OpenStage of Fort Collins opens its 46th season with the funny and thought-provoking The Mystery of Love and Sex, by Bathsheba Doran. Staged at the Art Center of Fort Collins (900 North College Avenue, Building A), it can be seen on weekends from September 14 to October 6, 2018. (For tickets, go to the OpenStage website.)
The Art Center of Fort Collins is a “found” space, with chairs placed on risers surrounding a central, floor-level stage.
This theatre-in-the-round staging in such a relatively small, intimate setting engenders in the audience a sense of delightful immediacy.
The mysteries begin with Charlotte and Jonny, college freshme,n preparing to host her parents at a rather informal dinner party.
Charlotte and Jonny been best friends since they were nine years old and think they know everything about the other…but they really don’t. Charlotte also thinks she knows everything about her parents, and Jonny about his mother, but they really don’t.
Charlotte is white, and Jewish. Jonny is black, and Baptist. The different in their religions doesn’t concern Charlotte – her father Howard, a successful mystery writer, is Jewish and her mother, Lucinda, is not. The difference in their races doesn’t concern Charlotte either…but does it concern Howard or Lucinda? But when it comes to her own sexuality – that’s what Charlotte isn’t sure about.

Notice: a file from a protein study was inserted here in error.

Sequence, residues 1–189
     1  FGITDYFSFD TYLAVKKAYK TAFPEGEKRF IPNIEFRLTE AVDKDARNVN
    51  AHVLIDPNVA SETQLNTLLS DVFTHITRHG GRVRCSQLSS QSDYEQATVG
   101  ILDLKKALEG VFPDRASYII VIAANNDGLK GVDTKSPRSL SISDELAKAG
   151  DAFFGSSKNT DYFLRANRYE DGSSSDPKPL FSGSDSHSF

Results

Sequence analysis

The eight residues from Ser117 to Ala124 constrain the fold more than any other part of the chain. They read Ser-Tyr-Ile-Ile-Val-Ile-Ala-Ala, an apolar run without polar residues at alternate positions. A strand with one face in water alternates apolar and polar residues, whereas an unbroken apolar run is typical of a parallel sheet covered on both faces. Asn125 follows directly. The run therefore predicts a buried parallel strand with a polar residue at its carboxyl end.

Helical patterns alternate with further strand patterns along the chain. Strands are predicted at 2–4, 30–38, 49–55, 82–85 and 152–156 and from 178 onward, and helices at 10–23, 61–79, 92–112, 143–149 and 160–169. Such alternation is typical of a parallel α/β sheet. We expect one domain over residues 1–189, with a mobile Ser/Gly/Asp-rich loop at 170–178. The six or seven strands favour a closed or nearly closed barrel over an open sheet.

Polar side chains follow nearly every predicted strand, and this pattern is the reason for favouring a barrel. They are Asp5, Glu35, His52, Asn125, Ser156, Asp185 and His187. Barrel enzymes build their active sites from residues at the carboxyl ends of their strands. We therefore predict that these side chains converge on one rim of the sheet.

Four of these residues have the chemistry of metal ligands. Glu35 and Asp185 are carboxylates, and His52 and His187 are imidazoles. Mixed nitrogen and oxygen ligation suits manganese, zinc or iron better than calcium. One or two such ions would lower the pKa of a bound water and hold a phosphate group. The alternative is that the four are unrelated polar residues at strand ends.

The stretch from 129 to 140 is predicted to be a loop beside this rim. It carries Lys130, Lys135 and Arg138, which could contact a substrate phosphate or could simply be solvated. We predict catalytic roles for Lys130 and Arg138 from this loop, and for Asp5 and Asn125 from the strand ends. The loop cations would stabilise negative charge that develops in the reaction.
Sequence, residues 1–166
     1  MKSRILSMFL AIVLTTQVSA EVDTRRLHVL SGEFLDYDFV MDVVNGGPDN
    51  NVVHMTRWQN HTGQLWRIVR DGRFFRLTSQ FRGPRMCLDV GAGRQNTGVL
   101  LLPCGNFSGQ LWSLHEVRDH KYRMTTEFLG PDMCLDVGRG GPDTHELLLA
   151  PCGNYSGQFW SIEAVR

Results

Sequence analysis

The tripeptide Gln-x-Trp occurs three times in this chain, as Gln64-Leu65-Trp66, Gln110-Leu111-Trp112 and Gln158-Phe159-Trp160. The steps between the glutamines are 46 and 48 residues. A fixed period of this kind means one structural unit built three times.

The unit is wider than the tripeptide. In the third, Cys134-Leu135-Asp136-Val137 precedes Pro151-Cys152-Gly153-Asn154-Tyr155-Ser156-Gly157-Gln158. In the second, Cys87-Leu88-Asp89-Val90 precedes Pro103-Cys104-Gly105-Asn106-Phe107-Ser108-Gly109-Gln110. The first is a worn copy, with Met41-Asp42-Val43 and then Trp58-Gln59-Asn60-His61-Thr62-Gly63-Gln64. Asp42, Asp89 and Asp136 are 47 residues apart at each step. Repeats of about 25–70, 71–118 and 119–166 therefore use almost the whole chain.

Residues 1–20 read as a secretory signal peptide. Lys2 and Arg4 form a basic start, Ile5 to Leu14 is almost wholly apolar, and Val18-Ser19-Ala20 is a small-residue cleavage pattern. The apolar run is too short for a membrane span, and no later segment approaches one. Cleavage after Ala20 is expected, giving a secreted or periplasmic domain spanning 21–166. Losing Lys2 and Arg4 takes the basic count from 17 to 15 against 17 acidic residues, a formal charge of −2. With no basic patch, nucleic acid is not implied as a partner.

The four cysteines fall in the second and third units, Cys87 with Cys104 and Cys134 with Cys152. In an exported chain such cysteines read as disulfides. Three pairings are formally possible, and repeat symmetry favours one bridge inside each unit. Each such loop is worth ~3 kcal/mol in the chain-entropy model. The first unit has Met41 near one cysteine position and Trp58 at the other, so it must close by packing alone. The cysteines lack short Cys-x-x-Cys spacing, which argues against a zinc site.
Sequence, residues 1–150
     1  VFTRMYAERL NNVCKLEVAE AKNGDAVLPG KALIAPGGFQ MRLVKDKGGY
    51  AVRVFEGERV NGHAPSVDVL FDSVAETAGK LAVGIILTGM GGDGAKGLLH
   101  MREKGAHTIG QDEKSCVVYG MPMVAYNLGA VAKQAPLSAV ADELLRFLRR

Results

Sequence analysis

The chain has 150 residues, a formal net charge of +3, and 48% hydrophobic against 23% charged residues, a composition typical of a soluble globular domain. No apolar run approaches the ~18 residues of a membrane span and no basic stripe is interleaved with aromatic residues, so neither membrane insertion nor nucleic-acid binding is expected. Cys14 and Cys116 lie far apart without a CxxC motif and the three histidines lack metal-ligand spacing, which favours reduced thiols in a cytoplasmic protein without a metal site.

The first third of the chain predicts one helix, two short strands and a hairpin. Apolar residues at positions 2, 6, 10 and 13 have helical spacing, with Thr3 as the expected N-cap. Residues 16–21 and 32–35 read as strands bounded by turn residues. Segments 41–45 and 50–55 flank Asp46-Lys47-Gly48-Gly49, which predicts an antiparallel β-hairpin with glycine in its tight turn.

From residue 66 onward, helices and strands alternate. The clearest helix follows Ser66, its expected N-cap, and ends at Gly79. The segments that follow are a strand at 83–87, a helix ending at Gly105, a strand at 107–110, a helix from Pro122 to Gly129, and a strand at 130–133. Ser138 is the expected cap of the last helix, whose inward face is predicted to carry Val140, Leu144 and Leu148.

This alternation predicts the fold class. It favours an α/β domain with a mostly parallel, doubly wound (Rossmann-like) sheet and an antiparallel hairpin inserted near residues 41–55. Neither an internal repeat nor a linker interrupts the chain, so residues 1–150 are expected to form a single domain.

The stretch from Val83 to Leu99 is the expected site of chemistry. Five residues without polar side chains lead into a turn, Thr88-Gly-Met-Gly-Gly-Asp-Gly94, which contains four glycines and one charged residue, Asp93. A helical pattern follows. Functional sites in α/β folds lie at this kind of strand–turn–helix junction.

These mysteries, and more, must be unraveled by Charlotte, Jonny, Howard and Lucinda over the course of this episodic and bittersweet journey of discovery.
In any production of The Mystery of Love and Sex – well, of any “rom com,” really – it’s important for the characters to have a chemistry together. They can’t be “characters,” they have to be real people who we sympathize with. OpenStage’s production succeeds, thanks to Corinne Wieben’s sure direction.
Just because we sympathize with the characters doesn’t mean they are necessarily likeable. Charlotte demands more of Jonny than he is prepared to give. It’s all about her. However, as the mystery of her life unfolds, we see the reason for her insecurities and a liking for her can grow. Jesse Lynton is appealing as Charlotte, as is Robert Moore as Jonny, an aspiring writer who admires her father’s writing abilities – but is nevertheless willing to use him for his own ends.
L.Michael Scovel is a steady, dependable Howard…whose confidence and self-belief begin to crack as Jonny tells him a few home truths. Nicole Gawronski as the “southern belle” who married outside her faith but does her best to play the role she thinks she must, is especially poignant as her mysteries unfold.
Are the mysteries of love and sex completely solved by the end of the play? See it and find out.
|Howard||L. Michael Scovel|
|AD/Stage manager||Jack Krause|
|Sound Designer||Corinne Wieben|
|Properties Designer||Susan Rogers|
|Costume Designer||Dasha Ann|
|Production Manager||Sydney Parks Smith|
|Production Managers||Denise and Bruce Freestone|
|Box Office Manager||Briana Sprecher-Kinner|